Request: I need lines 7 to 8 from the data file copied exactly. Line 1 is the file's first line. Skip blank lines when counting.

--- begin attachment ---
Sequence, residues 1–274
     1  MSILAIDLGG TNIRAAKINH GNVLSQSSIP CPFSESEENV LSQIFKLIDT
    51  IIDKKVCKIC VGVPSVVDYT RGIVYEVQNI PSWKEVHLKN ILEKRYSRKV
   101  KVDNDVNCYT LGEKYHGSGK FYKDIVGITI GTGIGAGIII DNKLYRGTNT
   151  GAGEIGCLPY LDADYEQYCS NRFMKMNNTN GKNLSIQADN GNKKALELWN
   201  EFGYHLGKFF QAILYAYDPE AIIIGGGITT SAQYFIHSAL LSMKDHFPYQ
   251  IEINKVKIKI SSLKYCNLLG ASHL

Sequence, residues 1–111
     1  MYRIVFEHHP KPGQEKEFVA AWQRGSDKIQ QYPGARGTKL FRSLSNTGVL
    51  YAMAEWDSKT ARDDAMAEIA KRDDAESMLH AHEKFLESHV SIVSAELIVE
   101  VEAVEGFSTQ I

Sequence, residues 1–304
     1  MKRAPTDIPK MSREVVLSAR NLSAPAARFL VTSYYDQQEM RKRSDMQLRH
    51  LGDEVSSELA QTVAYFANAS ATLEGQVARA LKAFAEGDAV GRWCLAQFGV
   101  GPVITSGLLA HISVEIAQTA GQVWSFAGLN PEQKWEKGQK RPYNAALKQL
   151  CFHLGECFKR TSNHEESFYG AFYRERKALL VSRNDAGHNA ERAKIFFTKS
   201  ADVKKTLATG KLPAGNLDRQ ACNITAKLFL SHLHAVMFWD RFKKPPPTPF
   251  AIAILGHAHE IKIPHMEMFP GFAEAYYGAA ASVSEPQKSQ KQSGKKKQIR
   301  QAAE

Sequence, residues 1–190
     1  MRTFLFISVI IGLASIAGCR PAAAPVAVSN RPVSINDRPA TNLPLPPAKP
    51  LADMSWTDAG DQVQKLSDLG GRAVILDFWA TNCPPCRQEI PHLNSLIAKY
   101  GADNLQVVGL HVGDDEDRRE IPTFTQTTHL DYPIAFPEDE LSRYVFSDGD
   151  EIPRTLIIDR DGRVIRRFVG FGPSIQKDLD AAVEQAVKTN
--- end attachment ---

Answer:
   251  IEINKVKIKI SSLKYCNLLG ASHL

Sequence, residues 1–111